The Signal #13: Kim Kardashian, Spotify, and turning hours to dollars (日本語版あり)

(originally from our May 29 newsletter – slightly for public post – sign-up at our index page)

Friends –

App developers have long lamented app economics. And it *is* a hard business, even for developers of hit games. Take GLU Mobile’s hit game, Kim Kardashian: Hollywood. (What, you don’t play? Sure you don’t.)  Close to two years since launch, it’s still a Top 10 grossing adventure game, according to AppAnnie.  GLU shares 30% of gross revenue with its distributor (Apple or Google). Assume it shares 50% of what’s left with Klan Kardashian, that gives GLU a gross margin of 35%.  (In potentially related news, GLU is not profitable.)kimkardashianapp

GLU’s overall gross margin is 57%; hardware maker Fitbit’s is 48%; gaming giant Activision’s is 66%; Adobe’s is 84%. Music streaming company Pandora’s GM is 40%. (Also not profitable, although its core music streaming business is on a standalone basis.)  

So, to make those economics work, GLU needs to migrate users acquired through the Kardashian game over to other GLU apps with more favorable economics, preferably games that don’t need a revenue share with an IP holder.  At least, that’s the idea. Smurfs from Capcom is another example of this strategy.

Which gets us to this week’s flurry of news about Spotify. Hey, Spotify is losing less money as a share of revenue than ever before (Recode’s take) !   PrivCo provided this chart in its newsletter. privco-spotifyA quick eyeball indicates that Spotify shares about 84% of revenue with artists. On the one hand, this seems good for artists. On the other hand, this makes Spotify’s gross margins more inline with distributor Avnet (buy low, sell slightly higher; 11% GM) than…GE (27% GM), let alone hardware companies Apple (40%) or Fitbit (48%). Or software companies like Adobe (84%).  Is this a sustainable business model?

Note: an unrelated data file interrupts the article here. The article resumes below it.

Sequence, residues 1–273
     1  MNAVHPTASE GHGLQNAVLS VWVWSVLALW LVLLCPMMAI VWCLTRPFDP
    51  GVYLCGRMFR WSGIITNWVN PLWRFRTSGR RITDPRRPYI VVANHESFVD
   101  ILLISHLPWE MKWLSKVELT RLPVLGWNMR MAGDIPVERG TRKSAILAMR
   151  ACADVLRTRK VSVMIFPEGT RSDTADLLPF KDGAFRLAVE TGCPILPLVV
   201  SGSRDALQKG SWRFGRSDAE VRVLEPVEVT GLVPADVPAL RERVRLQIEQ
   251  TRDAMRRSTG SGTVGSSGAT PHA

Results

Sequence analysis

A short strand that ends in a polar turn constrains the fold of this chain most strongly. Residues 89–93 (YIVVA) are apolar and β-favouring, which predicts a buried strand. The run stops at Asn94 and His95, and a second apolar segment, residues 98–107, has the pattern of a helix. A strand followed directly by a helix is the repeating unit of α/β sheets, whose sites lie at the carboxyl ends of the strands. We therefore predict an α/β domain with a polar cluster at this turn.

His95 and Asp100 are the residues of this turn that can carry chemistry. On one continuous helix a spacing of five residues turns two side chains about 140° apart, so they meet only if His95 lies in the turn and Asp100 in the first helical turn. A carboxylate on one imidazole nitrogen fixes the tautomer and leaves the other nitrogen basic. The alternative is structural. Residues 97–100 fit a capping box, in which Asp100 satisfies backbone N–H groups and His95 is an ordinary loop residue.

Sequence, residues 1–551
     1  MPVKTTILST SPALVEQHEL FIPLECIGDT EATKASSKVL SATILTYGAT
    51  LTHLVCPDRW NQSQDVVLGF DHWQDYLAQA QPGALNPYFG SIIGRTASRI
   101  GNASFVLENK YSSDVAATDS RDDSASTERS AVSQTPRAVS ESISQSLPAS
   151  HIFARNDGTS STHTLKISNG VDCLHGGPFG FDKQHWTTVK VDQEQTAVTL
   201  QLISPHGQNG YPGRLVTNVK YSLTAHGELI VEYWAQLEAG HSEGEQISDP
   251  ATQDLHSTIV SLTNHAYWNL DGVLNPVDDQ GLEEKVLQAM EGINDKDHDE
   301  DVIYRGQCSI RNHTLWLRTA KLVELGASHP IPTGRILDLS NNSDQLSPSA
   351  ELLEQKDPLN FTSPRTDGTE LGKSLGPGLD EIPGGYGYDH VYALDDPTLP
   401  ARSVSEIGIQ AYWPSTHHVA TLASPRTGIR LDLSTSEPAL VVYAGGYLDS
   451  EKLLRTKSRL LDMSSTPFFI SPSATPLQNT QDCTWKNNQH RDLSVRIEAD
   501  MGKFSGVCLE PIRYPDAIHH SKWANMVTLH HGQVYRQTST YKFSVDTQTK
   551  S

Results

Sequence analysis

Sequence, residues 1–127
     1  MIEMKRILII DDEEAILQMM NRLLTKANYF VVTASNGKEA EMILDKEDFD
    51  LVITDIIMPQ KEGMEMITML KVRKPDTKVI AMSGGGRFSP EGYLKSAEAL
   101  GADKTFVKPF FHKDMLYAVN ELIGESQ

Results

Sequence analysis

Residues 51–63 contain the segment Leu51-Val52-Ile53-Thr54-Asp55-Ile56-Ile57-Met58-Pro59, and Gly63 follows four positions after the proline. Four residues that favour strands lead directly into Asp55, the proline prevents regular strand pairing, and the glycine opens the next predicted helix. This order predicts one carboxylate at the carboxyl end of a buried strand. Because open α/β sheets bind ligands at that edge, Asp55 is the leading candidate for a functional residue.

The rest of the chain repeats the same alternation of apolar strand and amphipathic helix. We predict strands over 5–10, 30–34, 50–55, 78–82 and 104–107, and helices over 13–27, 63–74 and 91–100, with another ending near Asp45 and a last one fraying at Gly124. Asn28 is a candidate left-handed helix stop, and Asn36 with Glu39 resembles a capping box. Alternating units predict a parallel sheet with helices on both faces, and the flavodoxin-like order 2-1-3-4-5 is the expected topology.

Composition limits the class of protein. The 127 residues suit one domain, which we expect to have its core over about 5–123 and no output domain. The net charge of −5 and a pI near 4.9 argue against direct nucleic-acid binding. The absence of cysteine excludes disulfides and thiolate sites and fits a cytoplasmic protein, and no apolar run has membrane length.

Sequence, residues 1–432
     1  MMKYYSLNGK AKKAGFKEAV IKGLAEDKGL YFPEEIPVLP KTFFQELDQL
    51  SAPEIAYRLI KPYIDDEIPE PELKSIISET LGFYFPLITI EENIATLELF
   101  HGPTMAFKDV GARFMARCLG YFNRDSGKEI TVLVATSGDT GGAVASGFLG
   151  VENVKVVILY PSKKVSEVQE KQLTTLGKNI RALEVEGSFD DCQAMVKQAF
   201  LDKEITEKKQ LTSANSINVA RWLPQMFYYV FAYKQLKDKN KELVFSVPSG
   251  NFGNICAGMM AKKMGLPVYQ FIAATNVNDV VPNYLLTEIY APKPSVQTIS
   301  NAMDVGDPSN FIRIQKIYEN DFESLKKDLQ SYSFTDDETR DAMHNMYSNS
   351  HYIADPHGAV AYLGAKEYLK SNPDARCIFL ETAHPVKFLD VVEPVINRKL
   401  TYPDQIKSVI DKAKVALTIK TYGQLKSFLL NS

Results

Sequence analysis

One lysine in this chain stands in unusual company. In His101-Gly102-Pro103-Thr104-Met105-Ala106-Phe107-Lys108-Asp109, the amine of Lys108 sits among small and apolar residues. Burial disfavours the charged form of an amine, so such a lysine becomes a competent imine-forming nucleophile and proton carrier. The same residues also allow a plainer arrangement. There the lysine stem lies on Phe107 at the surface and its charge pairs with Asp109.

There is a long-term potential impact of a company that can in essence infinitely raise investor dollars to condition users to expect music to be free, which is perhaps the more sinister long-term implication of Spotify. They may be the icing on the cake that ensures that artists can only make money through live performances.   Which could explain why Pandora is investing in the ticketing business.


In our last edition we wrote about an upcoming panel on the On-Demand Economy, featuring speakers from Mayfield Fund and Hackbright Academy, along with our own Michi. That has a new date – June 28, at Digital Garage’s San Francisco office, DG717.  Early bird tickets on sale now.  Look forward to seeing you there.

– Team Blue Field




最近の大ヒットゲーム、GLU Mobileの「Kim Kardashian: Hollywood」ですら事情は同じ。発売以来2年近くたつのに、今でも「Top 10 grossing adventure game」(AppAnnieによる)にランクインしていますが、配信パートナー(アップルまたはグーグル)に30%支払い、残りをカーダシアン家(歌手でも俳優でもないがなぜか有名な「セレブ一家」)に「ブランド」料として折半すると、粗利はわずか35%しか残りません。






ところで、前回ここで「オンデマンド経済」に関するパネル・イベントをご紹介しましたが、日程が変更となりました。新しいスケジュールは6月28日、場所は同じDG717です。登壇者は引き続きMayfield FundとHackbright Academy、そしてJonと私です。早期割引チケット発売中ですので、ぜひご利用ください。

 – Michi


Interested in our recent engagements and thought leadership? Follow our LinkedIn page here and check out our blog posts on our website.

We are also active on Twitter.
Jon Metzler, Founder and President 

Michi Kaifu, Analyst

Sandro Olivieri, Product Strategist